He continued to explain the landscape and the various peril areas across the terrain, letting the troll nod as it absorbed the details. Jerry knew that trolls had phenomenal memories and if they were given directions they followed them to the letter. Well, except for the times they were crossed or betrayed. That resulted in a call to arms for all the troll alliances that usually ended up in massive blood loss and deaths. One vampire who'd ruled a part of Ontario Canada made the mistake of thinking that she didn't have to play by the terms after the four years of negotiations. Her greed cost her half her clan and all of her lands.

The trolls horrifically gouged the few vampires that remained from her clan. They had missing eyes, legs and arms that they were unable to heal because there had been wild magic involved in the confrontation. She had been carted off to face the vampire council and was never heard from again. It was a cautionary tale whispered between vampires about trolls and their abilities. Since she'd broken her word, there were no repercussions from the council and the trolls were given her land as just spoils of conflict. Nobody was willing to label it more than that since the resulting troubles could have easily continued for decades if not centuries. So the great 'Canadian Conflict' went down in the supernatural history books not as a war, but just a stupid rogue vampire who violated the terms of her agreement. The council quickly labeled any vampire causing harm not under their direct command as 'rogue'; they also tossed a few of their own onto the fire at times in order to prevent utter chaos. But that harkened back to the basics in Jerry's book -- most vampires weren't necessarily deserving of trust.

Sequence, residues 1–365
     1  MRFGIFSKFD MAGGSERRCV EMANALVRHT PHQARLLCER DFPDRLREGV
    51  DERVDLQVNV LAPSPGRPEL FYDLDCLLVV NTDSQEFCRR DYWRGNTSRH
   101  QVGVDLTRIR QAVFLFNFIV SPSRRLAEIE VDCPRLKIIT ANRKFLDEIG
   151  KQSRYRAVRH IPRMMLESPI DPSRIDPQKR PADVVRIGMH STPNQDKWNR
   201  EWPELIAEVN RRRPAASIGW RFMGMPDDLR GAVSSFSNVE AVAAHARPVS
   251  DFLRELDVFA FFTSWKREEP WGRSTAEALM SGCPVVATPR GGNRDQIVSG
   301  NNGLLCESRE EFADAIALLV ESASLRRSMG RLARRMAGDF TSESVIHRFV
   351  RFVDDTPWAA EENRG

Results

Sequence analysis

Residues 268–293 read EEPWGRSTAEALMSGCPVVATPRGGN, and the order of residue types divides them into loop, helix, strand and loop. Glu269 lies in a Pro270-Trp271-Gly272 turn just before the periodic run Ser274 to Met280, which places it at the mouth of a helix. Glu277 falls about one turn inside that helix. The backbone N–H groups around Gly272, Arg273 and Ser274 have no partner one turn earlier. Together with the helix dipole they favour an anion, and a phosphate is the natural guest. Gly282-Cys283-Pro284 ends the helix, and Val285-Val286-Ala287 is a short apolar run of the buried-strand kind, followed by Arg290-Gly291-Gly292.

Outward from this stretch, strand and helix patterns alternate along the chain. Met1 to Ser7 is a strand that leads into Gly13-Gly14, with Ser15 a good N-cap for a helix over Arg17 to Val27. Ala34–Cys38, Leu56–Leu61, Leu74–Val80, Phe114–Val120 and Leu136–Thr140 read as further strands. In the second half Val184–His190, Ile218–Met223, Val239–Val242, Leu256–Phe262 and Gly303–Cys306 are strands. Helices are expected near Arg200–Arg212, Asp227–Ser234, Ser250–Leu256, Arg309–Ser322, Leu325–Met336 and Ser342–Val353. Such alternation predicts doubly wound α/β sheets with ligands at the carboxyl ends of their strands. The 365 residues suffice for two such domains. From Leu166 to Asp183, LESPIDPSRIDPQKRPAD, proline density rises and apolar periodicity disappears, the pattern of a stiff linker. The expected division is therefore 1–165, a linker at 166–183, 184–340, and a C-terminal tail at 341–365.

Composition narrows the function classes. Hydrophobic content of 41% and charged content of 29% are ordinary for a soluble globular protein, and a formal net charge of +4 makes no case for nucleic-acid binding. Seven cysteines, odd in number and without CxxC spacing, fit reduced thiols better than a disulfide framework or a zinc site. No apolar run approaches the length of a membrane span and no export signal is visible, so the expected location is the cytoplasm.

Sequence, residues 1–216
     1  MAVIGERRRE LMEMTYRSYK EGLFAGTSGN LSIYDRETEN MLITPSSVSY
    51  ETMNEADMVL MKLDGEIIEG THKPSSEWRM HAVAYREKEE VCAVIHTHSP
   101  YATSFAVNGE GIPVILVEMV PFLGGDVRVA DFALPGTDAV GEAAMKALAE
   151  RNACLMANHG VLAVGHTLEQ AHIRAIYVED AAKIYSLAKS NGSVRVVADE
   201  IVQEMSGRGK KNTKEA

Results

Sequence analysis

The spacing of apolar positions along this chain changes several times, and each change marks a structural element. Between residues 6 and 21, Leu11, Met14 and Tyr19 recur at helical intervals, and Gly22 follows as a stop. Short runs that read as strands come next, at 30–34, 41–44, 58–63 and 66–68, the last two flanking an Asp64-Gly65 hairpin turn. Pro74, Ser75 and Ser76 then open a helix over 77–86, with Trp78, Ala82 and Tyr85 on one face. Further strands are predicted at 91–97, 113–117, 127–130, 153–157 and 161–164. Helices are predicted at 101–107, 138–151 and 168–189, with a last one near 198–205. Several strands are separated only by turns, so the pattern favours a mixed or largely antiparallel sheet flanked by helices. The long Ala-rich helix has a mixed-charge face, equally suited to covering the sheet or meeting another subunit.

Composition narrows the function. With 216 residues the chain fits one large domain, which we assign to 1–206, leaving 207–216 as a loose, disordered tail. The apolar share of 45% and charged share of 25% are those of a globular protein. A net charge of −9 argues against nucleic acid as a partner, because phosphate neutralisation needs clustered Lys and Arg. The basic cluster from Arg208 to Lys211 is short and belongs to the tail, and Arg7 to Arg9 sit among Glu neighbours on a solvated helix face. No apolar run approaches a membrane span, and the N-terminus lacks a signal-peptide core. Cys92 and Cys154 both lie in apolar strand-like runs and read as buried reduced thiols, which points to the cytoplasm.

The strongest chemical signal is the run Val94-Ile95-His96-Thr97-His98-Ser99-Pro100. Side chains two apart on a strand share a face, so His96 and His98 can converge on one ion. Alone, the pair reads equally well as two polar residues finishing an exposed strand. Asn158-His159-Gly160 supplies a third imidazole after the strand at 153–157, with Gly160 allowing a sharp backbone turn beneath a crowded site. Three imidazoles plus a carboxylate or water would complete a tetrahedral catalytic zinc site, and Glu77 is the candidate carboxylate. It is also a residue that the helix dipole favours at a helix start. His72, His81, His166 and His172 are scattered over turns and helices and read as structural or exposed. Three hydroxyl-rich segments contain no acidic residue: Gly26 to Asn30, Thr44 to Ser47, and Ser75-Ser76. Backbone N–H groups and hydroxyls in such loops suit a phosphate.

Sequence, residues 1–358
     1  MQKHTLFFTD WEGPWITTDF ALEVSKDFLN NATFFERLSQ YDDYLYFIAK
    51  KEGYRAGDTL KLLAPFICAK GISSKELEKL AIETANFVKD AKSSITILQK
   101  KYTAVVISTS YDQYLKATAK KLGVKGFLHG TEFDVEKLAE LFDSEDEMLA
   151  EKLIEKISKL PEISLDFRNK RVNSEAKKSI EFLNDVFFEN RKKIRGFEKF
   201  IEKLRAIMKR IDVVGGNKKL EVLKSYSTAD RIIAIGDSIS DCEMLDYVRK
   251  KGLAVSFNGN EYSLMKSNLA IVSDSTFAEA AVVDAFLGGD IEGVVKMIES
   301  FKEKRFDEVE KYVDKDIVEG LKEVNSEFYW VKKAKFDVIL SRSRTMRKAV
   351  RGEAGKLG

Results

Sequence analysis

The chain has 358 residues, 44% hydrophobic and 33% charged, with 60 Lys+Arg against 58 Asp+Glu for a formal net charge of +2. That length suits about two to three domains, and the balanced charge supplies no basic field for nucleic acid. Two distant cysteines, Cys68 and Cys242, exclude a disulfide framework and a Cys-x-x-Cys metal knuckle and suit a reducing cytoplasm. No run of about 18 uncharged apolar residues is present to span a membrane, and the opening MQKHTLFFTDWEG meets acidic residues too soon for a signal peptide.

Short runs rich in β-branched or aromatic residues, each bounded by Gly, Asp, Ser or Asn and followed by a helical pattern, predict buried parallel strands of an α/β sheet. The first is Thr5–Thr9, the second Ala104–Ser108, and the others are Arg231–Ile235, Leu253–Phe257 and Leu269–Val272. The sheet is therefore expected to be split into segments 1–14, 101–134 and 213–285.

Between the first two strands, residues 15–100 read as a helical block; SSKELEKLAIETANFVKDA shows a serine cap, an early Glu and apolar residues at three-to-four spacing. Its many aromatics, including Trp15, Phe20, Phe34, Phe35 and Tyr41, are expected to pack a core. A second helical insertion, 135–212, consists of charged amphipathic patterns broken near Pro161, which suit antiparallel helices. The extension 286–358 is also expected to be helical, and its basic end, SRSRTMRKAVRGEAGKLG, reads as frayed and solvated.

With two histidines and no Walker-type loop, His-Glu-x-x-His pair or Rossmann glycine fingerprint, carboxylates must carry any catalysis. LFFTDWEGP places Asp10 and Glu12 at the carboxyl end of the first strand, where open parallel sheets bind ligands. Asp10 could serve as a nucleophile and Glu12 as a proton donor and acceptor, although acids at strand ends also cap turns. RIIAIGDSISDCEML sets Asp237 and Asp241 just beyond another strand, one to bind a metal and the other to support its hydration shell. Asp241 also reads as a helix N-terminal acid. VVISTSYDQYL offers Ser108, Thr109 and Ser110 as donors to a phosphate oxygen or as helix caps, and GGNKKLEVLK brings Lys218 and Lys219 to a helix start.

"What you want for trade?" Now the troll decided to enter the fray and needed something to give to Jerry in return for the new area being offered. If he made the terms too vague or the trade sound too demeaning the troll would be forced to decline the offer of a new dwelling and they'd have to negotiate more. Drawing the proceedings out wasn't desirable to him in the least.